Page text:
Are you paying too much for virtualized systems either on-premises or in the cloud? A new report by Control Up tracked the performance of over 140,000 servers and found significant amounts of CPU and memory capacity were under-utilized.
It’s not a huge secret that data centers are over-provisioned because it can be expensive to suddenly run short of resources and have to quickly buy and deploy more. But Rotem Agmon, technical lead for virtualization at Control Up, said companies can spend less and still have piece of mind.
Control Up offers analytics and monitoring systems for virtualization. Agmon noted there are other solutions for managing IT resources and said the point of study was to make companies more aware of the issue, not to pitch his own company’s services.
“It is a well-known that over-provisioning takes place in data centers everywhere in the world, we just never had sound facts to base the claim on,” Agmon told eWEEK. “Being an analytics company, we have access to huge amounts of data and that’s what we studied.”
The preliminary report, shared exclusively with eWEEK, covered 148,000 production workloads across 943 organizations worldwide. Control Up inspected the number of CPUs and memory allocated to each server and then compared those numbers to the amount actually used over a 60-day period.
The results showed that almost half of the VDI (Virtual Desktop Infrastructure) machines were given too much RAM, and many general-purpose servers were almost 80 percent over-provisioned. VDI is the process of running a user desktop inside a virtual machine that resides on a server in a data center. Servers were over provisioned more than six times as much as desktop VMs. The report speculates this may be because a desktop VM is for one user while the server is a shared asset that is more critical to keep up and running.
“The study offers some solid food for thought in regards to over-provisioned IT resources,” Pund-IT analyst Charles King told eWEEK. “It’s an interesting issue to consider, especially since virtualizing x86 systems (as well as enterprise-class RISC and EPYC systems) aimed to maximize what were up until that point mostly underutilized system resources.”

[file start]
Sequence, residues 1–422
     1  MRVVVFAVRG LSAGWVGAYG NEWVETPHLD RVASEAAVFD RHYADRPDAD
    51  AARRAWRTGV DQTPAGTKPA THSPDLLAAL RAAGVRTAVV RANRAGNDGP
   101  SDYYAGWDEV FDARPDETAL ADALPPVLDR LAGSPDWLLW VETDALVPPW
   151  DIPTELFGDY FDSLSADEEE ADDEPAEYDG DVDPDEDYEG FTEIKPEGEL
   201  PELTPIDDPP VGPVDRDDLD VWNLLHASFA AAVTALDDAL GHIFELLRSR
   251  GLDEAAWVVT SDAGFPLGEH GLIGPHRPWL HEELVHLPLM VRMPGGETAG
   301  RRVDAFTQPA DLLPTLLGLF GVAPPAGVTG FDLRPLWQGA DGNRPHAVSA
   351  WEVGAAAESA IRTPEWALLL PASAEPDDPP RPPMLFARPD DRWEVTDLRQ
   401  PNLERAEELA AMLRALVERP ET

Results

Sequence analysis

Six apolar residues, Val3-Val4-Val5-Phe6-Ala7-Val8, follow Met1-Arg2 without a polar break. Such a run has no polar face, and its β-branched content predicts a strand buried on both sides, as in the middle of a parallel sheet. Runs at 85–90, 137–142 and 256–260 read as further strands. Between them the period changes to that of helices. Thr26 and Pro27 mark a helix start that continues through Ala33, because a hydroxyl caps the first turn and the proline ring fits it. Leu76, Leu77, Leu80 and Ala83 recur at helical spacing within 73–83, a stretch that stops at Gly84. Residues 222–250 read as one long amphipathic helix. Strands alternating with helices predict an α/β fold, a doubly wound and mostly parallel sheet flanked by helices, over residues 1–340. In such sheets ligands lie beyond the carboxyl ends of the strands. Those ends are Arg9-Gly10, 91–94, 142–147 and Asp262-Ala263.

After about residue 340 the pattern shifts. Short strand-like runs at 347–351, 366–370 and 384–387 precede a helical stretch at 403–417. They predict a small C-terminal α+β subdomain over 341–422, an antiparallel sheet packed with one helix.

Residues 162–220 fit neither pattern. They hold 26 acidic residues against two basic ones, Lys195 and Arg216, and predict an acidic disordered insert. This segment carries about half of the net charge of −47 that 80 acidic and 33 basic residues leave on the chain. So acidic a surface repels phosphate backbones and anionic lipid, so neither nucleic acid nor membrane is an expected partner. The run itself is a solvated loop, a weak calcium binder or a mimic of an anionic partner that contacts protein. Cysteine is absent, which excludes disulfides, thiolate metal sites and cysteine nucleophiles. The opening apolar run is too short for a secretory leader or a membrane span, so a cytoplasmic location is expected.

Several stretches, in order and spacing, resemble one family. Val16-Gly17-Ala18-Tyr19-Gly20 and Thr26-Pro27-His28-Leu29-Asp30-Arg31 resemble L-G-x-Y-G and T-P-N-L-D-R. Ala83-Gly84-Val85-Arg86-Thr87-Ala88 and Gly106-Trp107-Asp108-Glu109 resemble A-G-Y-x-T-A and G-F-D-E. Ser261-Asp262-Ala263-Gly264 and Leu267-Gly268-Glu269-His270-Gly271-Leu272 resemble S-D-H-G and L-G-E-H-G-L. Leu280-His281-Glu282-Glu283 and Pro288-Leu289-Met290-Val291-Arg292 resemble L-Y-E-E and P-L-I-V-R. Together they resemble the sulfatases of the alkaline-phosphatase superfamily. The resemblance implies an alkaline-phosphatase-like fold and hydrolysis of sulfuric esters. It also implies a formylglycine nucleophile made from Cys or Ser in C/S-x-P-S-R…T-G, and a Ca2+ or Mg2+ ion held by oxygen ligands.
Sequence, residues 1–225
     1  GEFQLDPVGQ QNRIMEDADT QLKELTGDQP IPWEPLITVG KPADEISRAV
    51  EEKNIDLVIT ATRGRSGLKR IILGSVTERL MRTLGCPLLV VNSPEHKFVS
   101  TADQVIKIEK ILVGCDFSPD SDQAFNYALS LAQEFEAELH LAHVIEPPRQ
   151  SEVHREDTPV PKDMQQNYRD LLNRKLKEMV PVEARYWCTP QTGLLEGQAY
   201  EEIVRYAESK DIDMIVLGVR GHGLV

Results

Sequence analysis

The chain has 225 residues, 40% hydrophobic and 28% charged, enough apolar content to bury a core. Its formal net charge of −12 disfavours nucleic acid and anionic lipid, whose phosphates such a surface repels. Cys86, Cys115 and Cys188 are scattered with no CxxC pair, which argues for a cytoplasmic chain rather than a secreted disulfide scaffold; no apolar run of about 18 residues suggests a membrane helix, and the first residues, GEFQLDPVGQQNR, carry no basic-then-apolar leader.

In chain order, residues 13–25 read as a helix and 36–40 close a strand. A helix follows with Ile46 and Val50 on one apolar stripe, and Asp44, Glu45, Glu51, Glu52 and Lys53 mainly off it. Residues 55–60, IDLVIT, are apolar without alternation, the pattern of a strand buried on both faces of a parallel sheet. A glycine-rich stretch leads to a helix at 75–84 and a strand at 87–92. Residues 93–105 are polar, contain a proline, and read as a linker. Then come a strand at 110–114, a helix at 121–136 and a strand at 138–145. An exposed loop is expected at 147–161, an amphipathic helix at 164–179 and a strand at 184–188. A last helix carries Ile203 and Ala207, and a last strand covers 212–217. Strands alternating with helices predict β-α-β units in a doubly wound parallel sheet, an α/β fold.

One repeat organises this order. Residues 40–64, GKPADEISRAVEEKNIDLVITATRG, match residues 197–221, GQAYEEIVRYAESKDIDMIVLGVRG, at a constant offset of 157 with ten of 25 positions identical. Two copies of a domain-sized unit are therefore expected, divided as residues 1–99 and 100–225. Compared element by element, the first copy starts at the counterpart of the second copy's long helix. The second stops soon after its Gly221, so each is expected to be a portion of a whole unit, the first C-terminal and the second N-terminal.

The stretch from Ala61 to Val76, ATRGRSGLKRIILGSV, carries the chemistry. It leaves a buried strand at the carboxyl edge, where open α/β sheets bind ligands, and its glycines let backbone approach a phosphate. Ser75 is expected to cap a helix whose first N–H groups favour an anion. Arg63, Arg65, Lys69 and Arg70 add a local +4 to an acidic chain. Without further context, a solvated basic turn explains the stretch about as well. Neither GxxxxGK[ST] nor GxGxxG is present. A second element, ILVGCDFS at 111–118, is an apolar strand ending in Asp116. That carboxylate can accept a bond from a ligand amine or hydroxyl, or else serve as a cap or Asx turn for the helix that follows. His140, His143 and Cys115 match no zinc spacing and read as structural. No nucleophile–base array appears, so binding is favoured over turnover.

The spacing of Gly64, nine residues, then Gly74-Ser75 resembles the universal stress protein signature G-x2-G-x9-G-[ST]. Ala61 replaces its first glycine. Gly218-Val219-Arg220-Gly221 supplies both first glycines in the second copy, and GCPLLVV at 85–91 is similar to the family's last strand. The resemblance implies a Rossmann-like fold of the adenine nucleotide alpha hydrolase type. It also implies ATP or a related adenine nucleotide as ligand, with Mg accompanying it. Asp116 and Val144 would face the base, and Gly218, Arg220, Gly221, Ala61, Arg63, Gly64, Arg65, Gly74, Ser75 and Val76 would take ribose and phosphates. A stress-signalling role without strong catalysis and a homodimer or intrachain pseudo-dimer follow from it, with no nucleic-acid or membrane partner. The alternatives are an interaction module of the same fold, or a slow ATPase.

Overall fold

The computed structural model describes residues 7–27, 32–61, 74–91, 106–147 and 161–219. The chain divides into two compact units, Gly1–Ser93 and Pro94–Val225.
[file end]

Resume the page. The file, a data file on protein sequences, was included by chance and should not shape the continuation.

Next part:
King makes a good point that one of the main benefits of virtualization is saving companies money on hardware costs, but Agmon said that doesn’t mean you can’t save even more. He said most IT administers will avoid right-sizing VMs because it’s a very complicated undertaking.
“They usually will accept the architecture design from the vendor and pay much more than they need to,” said Agmon. “I’ve worked for many of the big hardware vendors. When the customer runs out of capacity, they don’t send someone to see if they can make it run more efficiently, they sell you more servers.”
While a more efficient system will help companies save on the cost of RAM, Agmon said that having more CPUs than you need is not just a question of overspending.
He compares the situation to when two people walk into a restaurant. Typically, there are a lot of options as to where they can be seated because there are many tables set to accommodate two diners and there might also be seating at the bar. But when eight people show up without reservations they can expect a long wait because there are fewer tables that can accommodate that many diners.
“Fewer CPUs increases the consolidation ratio and eliminates bottlenecks in your virtualization stack,” he said. “When you over-provision CPUs your VM’s performance suffers because the hypervisor gets more complex.”
As for specific cost-savings, the report states it’s especially difficult to estimate the financial impact of over-provisioning CPUs because they are constantly being shared. On the other hand, estimating the impact of memory allocation is relatively straightforward math. In the Control Up study there was 26.2 GB of RAM allocated at a cost of $69.3 million for 71,845 servers running an OS. Of that total, Control Up estimates 77 percent of the servers were over-provisioned leading to $30.9 million overspent on RAM.
A more complete version of the report due out the end of May will also look at the impact of upgrading your operating system. There has been at least one surprise in the preliminary results.
“I was under the impression the more recent your operating system like Windows 10 the more resources you’ll use. That’s usually the case that the newer OS is a memory and CPU hog,” said Agmon. “But with Windows 10 and Windows 2016 Server we’ve seen massive drops in utilization, they’re super-efficient. Microsoft’s done some amazing work.”